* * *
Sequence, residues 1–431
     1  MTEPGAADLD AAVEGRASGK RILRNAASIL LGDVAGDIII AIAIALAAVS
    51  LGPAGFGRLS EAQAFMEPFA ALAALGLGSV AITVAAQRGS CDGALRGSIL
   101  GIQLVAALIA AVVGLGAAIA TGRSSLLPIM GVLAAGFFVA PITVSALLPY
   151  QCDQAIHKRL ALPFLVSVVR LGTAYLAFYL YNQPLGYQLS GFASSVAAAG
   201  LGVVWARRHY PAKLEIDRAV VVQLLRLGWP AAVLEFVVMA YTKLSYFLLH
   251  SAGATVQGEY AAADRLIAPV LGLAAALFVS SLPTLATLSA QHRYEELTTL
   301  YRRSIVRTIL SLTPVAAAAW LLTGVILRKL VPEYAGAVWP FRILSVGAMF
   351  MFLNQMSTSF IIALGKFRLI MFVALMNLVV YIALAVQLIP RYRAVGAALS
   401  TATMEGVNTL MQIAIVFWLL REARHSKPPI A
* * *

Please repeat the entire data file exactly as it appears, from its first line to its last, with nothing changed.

Sequence, residues 1–431
     1  MTEPGAADLD AAVEGRASGK RILRNAASIL LGDVAGDIII AIAIALAAVS
    51  LGPAGFGRLS EAQAFMEPFA ALAALGLGSV AITVAAQRGS CDGALRGSIL
   101  GIQLVAALIA AVVGLGAAIA TGRSSLLPIM GVLAAGFFVA PITVSALLPY
   151  QCDQAIHKRL ALPFLVSVVR LGTAYLAFYL YNQPLGYQLS GFASSVAAAG
   201  LGVVWARRHY PAKLEIDRAV VVQLLRLGWP AAVLEFVVMA YTKLSYFLLH
   251  SAGATVQGEY AAADRLIAPV LGLAAALFVS SLPTLATLSA QHRYEELTTL
   301  YRRSIVRTIL SLTPVAAAAW LLTGVILRKL VPEYAGAVWP FRILSVGAMF
   351  MFLNQMSTSF IIALGKFRLI MFVALMNLVV YIALAVQLIP RYRAVGAALS
   401  TATMEGVNTL MQIAIVFWLL REARHSKPPI A